Hypothermia is protective in stroke models, but findings from permanent occlusion models are conflicting. In this article the authors induced focal ischemia in rats by permanent distal middle cerebral artery (MCA) occlusion plus transient occlusion of the common carotid arteries (CCAs). This models a scenario in which the MCA remains occluded but partial reperfusion occurs through collateral vessels. The authors also determined whether hypothermia mediates ischemic damage by blocking apoptotic pathways.The left MCA was occluded permanently and the CCAs were reopened after 2 hours, leading to partial reperfusion in rats maintained at 37 degrees C, 33 degrees C (mild hypothermia), or 30 degrees C (moderate hypothermia) for 2 hours during and/or after CCA occlusion (that is, for a total of 2 or 4 hours of hypothermia or normothermia). Infarct size was measured 2 days after the stroke. Immunofluorescence staining and Western blot analysis were used to detect cytochrome c and apoptosis inducing factor (AIF) translocation.Four hours of prolonged mild hypothermia (33 degrees C) reduced the infarct size 22% in the model of permanent MCA occlusion, whereas 2 hours of such mild hypothermia maintained either during CCA occlusion or after CCA release did not attenuate ischemic damage. However, moderate hypothermia (30 degrees C) during CCA occlusion was significantly more protective than 4 hours of 33 degrees C (46% decrease in infarct size). Four hours of mild or moderate hypothermia reduced cytosolic cytochrome c release and both nuclear and cytosolic AIF translocation in the penumbra 2 days after stroke.These findings suggest that hypothermic neuroprotection might be achieved by blocking AIF and cytochrome c-mediated apoptosis.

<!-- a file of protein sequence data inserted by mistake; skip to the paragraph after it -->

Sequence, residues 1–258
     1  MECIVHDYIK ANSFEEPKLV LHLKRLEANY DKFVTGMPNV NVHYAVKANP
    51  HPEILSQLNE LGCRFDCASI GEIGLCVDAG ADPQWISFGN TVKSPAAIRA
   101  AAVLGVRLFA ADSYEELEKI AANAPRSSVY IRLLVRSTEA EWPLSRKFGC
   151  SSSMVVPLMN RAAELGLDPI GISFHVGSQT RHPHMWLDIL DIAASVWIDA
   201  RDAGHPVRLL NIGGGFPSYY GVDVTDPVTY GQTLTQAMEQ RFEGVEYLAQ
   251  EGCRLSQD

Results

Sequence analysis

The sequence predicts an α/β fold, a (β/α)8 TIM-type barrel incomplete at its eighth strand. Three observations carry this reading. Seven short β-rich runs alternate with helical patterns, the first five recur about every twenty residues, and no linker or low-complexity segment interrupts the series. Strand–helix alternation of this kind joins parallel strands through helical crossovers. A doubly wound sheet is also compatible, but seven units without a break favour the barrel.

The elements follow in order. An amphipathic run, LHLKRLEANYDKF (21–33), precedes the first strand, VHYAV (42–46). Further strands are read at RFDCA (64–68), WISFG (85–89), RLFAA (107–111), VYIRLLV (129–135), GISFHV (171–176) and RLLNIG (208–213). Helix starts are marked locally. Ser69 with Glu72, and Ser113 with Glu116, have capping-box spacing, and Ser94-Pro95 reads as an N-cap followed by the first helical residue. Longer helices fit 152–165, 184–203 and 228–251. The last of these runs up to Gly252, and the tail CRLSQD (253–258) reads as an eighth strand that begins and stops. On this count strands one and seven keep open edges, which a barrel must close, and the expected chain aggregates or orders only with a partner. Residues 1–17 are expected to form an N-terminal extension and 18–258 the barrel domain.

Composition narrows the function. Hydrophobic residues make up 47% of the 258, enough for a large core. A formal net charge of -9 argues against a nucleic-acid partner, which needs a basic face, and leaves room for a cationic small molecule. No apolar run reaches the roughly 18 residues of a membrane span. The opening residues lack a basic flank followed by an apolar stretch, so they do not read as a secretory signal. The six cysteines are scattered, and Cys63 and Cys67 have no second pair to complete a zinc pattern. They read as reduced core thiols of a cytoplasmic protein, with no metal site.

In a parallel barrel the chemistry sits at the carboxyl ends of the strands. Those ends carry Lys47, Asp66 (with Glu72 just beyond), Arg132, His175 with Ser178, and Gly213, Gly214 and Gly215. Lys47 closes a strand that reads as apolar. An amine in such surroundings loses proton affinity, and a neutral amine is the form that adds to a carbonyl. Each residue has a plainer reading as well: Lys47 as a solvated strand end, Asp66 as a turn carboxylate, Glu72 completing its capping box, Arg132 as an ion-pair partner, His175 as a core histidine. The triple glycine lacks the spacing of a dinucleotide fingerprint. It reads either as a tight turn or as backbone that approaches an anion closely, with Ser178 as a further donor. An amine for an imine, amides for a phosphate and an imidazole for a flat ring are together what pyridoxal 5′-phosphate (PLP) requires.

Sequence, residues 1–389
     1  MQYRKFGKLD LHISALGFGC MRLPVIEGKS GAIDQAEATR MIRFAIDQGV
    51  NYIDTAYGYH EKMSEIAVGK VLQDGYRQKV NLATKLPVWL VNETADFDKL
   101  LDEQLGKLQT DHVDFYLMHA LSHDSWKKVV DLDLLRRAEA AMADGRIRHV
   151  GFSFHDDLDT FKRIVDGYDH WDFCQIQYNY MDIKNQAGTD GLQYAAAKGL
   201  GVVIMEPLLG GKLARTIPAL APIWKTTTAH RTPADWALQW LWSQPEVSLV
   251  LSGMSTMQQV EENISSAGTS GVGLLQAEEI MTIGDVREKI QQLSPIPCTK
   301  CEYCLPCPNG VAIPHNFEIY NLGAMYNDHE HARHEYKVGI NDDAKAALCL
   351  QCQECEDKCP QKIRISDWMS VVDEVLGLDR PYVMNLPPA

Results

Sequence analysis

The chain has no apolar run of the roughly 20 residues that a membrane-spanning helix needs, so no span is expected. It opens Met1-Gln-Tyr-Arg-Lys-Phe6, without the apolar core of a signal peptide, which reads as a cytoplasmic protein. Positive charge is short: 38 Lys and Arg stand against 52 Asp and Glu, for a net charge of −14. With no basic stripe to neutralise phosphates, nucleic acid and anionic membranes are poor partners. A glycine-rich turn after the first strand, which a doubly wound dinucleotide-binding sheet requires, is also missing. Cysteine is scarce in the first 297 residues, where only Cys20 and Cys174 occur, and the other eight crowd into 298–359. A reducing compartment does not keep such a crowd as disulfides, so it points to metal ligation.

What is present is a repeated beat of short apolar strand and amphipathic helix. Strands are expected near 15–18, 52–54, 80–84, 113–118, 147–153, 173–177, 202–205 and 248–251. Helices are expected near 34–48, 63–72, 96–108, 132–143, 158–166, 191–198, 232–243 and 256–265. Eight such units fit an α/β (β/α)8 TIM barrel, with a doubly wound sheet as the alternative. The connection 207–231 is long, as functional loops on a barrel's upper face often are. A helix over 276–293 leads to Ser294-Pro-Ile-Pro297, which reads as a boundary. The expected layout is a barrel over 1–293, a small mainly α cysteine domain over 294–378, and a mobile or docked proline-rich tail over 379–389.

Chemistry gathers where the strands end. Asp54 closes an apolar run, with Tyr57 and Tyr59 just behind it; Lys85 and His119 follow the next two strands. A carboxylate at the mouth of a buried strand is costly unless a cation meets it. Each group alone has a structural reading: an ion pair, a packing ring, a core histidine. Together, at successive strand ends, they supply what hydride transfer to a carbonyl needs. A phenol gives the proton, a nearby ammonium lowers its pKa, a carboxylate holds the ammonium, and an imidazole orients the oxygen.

View details for Web of Science ID 000249220100022
View details for PubMedID 17886565